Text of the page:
Route 3: Ercina-Vega de Ario-Ercina: (16km/ 5h40; moderate, with ascent and descent climb of about 550m). Much of this path is marked with yellow route markers, though they can be a bit sporadic at times. Follow route 2 to the Majada de Bobijas (1 hr from start). At the “dais”, go straight ahead (ie not left) up a path which zig-zags steeply up a limestone outcrop. When the path begins to gently descend, it braids; the right-hand, upper, option is far the easiest, though both lead to Llagiellu (1h15), a boggy vega with a stream bisecting it. Follow the main path up the very steep zig-zagging 100m (though it feels like more) ascent to the top of Las Reblagas (1h35), where you pass suddenly above the tree-line; the path is then easy up to the cairn at Llano los Jitos (1h55). From here, descend slightly then do a 50-minute ascent, aiming always for the twin cairns on the Collada el Jito, clearly visible on the skyline. Near the top, a painted sign tells you that you’re 15 mins from your destination. Soon after, a cylindrical column, on which the names of all the peaks in eye-view have been carved, marks one of the most spectacular viewpoints in the entire Picos. From here follow the yellow route-markers through the pastoral idyll of the Vega de Ario, and the Refugio soon becomes visible in front of you. Descend by the same route back to the dais at Majada de Bobijas, then follow route 2 for the rest of the way, mist depending (see note) or retrace your footsteps back down to Lago de la Ercina (15 mins less).


Possible problems, health, other warnings

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  • Mountain weather: Rain and thick sudden fog are possible at any time of year. Heavy snowfalls can cut off trails and roads, into May. Wear appropriate clothing, carry a compass and stick to paths. Rock falls can be a hazard; always follow posted advice.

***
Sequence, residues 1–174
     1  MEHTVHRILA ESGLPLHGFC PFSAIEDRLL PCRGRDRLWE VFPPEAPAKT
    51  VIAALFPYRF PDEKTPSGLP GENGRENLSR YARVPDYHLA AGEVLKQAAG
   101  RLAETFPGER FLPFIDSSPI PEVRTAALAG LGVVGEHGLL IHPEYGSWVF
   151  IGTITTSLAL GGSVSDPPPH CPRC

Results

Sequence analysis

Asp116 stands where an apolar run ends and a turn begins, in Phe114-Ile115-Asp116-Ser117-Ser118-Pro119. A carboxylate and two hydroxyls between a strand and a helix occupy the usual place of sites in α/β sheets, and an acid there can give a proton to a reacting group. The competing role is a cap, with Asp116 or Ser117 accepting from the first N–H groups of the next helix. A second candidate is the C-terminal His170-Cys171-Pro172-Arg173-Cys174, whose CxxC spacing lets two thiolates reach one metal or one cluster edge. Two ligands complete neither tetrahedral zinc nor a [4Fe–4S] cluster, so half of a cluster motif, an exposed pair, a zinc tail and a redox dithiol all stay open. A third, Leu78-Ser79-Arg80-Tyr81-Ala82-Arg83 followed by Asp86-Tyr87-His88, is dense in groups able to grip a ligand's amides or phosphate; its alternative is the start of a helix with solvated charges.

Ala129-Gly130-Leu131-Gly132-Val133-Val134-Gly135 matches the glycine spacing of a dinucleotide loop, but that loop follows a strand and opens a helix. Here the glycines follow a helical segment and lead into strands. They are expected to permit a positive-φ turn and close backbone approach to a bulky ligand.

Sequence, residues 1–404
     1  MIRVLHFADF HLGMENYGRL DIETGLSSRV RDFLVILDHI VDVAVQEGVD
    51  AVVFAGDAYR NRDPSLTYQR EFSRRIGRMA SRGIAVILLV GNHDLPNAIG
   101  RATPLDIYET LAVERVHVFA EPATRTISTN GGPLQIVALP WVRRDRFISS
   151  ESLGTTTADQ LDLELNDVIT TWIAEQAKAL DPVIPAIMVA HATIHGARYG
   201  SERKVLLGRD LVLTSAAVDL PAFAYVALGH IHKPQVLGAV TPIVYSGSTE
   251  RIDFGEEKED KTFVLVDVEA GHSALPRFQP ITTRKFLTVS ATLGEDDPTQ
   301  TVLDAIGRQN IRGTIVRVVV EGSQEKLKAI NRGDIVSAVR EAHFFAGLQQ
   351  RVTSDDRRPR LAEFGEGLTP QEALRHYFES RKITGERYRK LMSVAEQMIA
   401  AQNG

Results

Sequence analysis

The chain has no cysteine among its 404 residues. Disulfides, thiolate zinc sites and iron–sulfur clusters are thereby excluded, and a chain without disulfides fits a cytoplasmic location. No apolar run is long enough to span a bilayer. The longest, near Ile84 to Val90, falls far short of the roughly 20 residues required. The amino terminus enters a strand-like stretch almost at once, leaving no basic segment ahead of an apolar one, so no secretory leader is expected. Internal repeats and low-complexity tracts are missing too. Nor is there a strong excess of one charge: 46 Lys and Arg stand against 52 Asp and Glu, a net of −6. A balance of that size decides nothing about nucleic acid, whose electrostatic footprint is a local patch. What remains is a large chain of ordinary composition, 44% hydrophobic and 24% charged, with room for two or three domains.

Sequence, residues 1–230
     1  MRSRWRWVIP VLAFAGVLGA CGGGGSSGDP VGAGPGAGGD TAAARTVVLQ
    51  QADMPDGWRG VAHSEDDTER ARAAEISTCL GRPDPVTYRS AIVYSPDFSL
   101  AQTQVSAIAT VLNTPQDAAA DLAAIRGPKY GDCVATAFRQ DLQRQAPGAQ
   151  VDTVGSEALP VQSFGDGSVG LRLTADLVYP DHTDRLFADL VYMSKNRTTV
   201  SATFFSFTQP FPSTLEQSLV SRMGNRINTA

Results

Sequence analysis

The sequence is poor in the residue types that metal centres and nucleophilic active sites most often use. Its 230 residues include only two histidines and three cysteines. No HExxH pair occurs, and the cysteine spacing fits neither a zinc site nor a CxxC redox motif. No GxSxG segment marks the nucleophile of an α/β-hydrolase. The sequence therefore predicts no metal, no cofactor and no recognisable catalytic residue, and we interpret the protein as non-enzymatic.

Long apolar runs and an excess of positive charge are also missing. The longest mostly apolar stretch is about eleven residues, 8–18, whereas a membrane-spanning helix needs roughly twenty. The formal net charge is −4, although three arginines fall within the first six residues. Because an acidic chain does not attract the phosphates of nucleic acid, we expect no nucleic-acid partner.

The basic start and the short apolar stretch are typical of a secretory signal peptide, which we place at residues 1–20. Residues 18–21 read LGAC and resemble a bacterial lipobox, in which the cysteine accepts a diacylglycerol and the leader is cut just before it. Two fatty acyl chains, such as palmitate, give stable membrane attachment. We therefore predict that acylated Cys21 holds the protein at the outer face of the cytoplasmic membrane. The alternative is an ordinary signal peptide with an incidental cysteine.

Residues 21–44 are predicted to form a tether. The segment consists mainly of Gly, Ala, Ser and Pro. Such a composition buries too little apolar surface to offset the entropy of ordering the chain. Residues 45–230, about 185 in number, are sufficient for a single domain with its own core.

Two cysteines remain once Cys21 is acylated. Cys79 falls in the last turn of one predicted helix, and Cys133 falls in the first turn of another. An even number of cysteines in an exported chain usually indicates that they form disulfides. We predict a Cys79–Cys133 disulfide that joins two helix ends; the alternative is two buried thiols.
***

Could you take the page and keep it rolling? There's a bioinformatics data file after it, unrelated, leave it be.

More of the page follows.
• Heights: can be dangerous; some walks are not for those who have difficulties with heights.
  • This is remote country: It may be Spain, but some areas of the Picos are true wilderness.

See also the websites in our useful links page for more detailed, and up-to-date, information.

Safety and problems: All walks have inherent risks and potential problems, and many of the walks featured on this website involve significant risks, dangers and problems. Problems of any sort can arise on any walk. This website does not purport to identify any (or all) actual or potential risks, dangers and problems that may relate to any particular walk. Any person who is considering undertaking this walk should do careful research and make their own assessment of the risks, dangers and possible problems involved. They should also go to “Important information” for further important information.

Make sure you have appropriate insurance.


Guided or independent?